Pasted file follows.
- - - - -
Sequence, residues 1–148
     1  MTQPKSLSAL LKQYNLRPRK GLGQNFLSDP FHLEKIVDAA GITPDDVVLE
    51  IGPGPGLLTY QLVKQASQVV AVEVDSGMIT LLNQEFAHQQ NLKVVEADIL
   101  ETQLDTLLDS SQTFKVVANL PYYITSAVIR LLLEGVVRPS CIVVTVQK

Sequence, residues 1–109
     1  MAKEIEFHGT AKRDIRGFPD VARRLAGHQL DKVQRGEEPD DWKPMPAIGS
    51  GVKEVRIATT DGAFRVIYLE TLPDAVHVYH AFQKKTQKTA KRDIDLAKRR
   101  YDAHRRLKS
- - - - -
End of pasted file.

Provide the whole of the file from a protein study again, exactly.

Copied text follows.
Sequence, residues 1–148
     1  MTQPKSLSAL LKQYNLRPRK GLGQNFLSDP FHLEKIVDAA GITPDDVVLE
    51  IGPGPGLLTY QLVKQASQVV AVEVDSGMIT LLNQEFAHQQ NLKVVEADIL
   101  ETQLDTLLDS SQTFKVVANL PYYITSAVIR LLLEGVVRPS CIVVTVQK

Sequence, residues 1–109
     1  MAKEIEFHGT AKRDIRGFPD VARRLAGHQL DKVQRGEEPD DWKPMPAIGS
    51  GVKEVRIATT DGAFRVIYLE TLPDAVHVYH AFQKKTQKTA KRDIDLAKRR
   101  YDAHRRLKS